The Language Quandary


Recently, I was reading a novel in which a doctor spoke English with a lovely French accent. At least that is what the author told me. Her dialogue was written in normal, modern, American English which I could read without a problem. It did not help that the main character’s thoughts were inserted to let me know that he could barely understand her. I could understand her perfectly, which removed me from the illusion of the story whenever the woman spoke.

Advice concerning use of accents often violates the maxim “show, don’t tell.” I’ve heard it often said not to imitate the way a person speaks, but just mention their accent occasionally. Honestly, if that accent is important to the character, it should be shown. This requires some expertise in the character’s first language. and it may be tedious to create a legitimate accent. The writer needs to know what English language sounds are not in the native tongue, and what the person would use to replace these. For example, “th” is common in English, but not a lot of other languages. It can appear frequently in dialog.

For example:

“The man walked to the theater with that woman. I saw them there.” 

The “th” sound can be replaced by various sounds such as d, t or z. It not advisable to change every other incident of “th” to “z,” which is the typical way that French speakers pronounce “th.”

“The man walked to ze zéâtre wiz zat woman. I saw zem zere.”

Also, “th” may not always be replaced by the same letter if a person has a French accent. The word theater is a French cognate spelled “théâtre.” This actual French word would be used even if the “th” is pronounced as a “t.”  Also, “the” might be written as “zhe” to appear more like the English word. Perhaps only “the theater” needs to be changed to provide the effect of an accent.

“The man walked to zhe théâtre with that woman. I saw them there.”

French syntax differs from that of English. So the normal order of words would change in a sentence. “I saw them there,” would be rearranged as “I them saw there,” which makes no sense to English speakers. So syntax cannot be replicated in that case. However, spoken French past tense uses helping verbs which can replace the simple past tense used in English.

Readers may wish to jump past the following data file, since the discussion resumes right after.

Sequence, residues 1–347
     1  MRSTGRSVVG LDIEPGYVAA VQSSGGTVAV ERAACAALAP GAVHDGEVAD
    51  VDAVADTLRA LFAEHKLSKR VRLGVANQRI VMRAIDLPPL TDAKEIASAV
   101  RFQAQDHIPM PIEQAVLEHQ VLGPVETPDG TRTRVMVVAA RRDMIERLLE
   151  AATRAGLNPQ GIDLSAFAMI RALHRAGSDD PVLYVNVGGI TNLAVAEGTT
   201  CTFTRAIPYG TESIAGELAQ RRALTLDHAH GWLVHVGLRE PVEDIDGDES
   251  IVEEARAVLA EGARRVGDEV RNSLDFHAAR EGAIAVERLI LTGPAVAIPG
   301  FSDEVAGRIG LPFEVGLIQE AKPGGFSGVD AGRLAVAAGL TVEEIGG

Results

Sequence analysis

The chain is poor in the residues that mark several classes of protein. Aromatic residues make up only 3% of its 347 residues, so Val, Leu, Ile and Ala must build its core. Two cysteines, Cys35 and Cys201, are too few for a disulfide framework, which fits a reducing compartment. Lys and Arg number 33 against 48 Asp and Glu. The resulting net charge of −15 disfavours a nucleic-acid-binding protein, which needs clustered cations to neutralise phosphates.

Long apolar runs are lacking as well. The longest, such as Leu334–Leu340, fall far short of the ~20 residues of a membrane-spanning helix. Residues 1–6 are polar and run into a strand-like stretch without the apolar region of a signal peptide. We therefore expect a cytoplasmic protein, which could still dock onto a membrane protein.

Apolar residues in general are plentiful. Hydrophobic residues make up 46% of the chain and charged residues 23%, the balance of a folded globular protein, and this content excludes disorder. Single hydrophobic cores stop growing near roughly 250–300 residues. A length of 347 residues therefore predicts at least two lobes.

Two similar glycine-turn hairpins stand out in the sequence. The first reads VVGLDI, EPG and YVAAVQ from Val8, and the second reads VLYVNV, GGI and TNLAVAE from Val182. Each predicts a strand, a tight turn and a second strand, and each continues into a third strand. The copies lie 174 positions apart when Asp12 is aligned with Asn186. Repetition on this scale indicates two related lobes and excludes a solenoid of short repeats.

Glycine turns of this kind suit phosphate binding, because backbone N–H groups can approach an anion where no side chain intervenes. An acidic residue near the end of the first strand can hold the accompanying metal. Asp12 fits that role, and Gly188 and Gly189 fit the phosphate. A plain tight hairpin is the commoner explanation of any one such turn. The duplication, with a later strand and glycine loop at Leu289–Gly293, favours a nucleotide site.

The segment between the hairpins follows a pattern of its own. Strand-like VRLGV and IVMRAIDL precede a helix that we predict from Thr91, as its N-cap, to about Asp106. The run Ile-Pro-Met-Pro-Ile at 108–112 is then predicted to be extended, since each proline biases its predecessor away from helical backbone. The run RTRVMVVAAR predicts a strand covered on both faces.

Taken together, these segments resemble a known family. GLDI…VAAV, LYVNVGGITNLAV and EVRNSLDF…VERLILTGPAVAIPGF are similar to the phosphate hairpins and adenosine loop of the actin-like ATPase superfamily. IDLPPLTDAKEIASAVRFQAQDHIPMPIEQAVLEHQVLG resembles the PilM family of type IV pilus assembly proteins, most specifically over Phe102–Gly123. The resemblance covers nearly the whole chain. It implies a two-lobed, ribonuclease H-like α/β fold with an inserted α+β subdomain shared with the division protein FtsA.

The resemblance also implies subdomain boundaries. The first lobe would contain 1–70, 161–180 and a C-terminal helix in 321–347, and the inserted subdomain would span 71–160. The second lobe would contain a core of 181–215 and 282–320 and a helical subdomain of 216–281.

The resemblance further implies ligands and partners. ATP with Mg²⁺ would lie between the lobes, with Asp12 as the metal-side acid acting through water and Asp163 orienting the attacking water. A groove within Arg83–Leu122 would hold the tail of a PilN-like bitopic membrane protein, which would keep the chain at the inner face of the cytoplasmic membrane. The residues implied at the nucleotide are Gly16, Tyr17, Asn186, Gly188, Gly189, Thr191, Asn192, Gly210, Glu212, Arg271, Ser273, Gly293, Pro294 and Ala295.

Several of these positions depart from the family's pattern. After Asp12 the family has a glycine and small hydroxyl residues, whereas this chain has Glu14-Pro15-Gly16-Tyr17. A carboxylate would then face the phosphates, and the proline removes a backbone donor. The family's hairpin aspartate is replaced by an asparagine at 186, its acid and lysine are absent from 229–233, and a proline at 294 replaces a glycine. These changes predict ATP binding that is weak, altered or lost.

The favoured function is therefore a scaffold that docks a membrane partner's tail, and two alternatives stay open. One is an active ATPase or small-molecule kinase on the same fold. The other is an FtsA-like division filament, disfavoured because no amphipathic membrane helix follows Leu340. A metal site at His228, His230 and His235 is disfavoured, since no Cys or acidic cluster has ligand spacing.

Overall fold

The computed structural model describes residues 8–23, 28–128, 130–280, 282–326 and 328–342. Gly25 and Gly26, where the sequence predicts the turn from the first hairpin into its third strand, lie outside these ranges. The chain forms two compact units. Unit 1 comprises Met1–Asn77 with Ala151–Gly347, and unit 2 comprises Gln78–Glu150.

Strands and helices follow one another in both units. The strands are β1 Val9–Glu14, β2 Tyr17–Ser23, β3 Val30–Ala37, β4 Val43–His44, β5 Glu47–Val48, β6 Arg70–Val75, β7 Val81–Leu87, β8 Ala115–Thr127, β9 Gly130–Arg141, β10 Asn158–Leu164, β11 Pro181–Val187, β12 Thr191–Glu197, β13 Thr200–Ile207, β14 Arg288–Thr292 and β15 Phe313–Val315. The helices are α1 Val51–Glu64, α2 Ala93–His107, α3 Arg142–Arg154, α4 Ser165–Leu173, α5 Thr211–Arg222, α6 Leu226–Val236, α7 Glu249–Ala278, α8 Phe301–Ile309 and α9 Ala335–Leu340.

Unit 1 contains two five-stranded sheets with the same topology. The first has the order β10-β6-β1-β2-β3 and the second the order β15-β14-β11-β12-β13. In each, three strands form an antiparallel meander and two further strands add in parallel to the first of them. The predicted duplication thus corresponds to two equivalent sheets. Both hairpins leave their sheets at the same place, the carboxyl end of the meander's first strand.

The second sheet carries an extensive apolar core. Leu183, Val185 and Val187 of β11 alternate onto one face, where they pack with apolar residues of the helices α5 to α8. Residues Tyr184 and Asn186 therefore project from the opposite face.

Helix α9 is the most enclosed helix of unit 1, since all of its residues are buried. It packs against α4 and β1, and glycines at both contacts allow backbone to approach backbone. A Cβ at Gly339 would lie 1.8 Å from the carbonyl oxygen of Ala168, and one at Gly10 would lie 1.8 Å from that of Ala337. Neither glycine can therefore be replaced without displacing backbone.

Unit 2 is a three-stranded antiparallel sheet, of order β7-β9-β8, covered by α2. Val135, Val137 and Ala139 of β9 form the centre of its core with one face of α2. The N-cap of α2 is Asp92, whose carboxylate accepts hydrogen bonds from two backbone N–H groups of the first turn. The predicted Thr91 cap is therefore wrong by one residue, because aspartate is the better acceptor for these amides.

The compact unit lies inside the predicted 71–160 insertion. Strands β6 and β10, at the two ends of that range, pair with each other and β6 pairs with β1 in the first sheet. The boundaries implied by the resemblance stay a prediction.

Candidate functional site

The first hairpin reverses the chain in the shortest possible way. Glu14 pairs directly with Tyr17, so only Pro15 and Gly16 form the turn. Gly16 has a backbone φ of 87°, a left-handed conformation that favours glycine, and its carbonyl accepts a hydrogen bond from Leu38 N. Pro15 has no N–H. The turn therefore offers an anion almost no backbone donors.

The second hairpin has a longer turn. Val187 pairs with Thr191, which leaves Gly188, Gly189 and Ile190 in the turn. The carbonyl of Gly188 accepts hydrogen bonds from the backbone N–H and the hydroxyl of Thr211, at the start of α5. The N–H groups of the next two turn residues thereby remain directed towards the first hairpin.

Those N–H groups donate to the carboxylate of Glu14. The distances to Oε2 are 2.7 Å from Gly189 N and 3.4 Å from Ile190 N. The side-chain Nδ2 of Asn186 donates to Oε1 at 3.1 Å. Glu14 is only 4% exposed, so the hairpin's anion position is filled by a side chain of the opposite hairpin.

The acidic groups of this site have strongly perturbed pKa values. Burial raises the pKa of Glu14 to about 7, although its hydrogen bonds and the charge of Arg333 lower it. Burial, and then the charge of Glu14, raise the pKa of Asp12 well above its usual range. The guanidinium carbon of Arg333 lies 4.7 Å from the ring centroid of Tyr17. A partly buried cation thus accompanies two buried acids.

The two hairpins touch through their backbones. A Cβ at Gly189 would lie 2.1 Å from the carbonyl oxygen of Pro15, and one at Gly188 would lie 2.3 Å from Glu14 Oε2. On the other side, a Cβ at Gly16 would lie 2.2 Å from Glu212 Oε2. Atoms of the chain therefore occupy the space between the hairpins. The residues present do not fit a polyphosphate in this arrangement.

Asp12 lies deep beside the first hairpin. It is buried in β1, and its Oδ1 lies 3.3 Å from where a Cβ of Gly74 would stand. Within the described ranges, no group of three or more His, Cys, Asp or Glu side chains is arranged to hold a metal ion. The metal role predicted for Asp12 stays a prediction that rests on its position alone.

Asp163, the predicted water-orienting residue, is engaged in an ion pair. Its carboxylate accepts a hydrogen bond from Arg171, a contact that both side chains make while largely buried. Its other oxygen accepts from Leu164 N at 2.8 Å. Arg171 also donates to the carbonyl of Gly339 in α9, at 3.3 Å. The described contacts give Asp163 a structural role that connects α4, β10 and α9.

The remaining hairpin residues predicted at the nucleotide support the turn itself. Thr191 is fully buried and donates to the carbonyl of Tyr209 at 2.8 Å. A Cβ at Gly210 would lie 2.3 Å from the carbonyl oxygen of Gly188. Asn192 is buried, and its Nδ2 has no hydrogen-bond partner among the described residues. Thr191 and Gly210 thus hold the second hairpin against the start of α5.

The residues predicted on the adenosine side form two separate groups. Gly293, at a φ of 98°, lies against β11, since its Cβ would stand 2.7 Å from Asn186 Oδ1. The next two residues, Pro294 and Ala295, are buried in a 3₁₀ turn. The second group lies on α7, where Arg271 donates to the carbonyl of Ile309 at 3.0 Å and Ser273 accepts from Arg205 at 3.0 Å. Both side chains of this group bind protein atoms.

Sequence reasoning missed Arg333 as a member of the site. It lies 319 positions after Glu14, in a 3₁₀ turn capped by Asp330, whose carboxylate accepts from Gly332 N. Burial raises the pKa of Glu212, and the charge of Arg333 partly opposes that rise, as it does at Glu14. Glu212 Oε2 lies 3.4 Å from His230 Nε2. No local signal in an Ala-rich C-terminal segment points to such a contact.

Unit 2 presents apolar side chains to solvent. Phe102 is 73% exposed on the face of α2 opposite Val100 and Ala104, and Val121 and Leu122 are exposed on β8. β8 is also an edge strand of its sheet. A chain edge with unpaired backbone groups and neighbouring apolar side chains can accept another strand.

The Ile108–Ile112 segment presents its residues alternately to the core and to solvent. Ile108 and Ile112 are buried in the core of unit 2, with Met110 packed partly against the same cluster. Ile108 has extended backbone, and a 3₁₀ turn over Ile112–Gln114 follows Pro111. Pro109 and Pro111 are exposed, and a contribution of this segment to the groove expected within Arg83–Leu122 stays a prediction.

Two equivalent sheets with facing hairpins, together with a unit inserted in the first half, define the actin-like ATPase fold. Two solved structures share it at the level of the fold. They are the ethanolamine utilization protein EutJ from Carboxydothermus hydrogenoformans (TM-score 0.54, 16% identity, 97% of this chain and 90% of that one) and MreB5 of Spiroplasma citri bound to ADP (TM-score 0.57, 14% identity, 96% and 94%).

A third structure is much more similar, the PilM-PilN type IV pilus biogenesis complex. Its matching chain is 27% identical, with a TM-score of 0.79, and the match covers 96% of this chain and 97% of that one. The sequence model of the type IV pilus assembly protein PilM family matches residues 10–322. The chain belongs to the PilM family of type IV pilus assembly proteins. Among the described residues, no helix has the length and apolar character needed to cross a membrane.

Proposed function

“The man was walking to zhe théâtre with that woman. I have seen them there.”

Choose a few words that are spelled as pronounced by the non-native speaker and sprinkle them through the dialog. This should probably not be done for more than 10% of the words. In the case of the French accent, all you may need to do is change every “the” to “zhe.”  If that seems like too much, choose lots of French words with English cognates, such as “théâtre,” to insert with their accents and slightly altered spelling.

If the language does not use Roman letters, the internet still provides a wide range of guides to sounds found in other languages, so the spelling reflects the actual pronunciation. If you are not sure this is worth the trouble, don’t mention the characters accent at all.

Did I mention that it may be tedious to create a legitimate accent that an English speaking reader can still understand? Both pronunciation and the normal order of words in a sentence are unique to most languages. Of course, the easy way out is to say that the character has a thick French accent and then simply write in normal English. But, too much dependence on telling rather than showing is the mark of an amateurish author.

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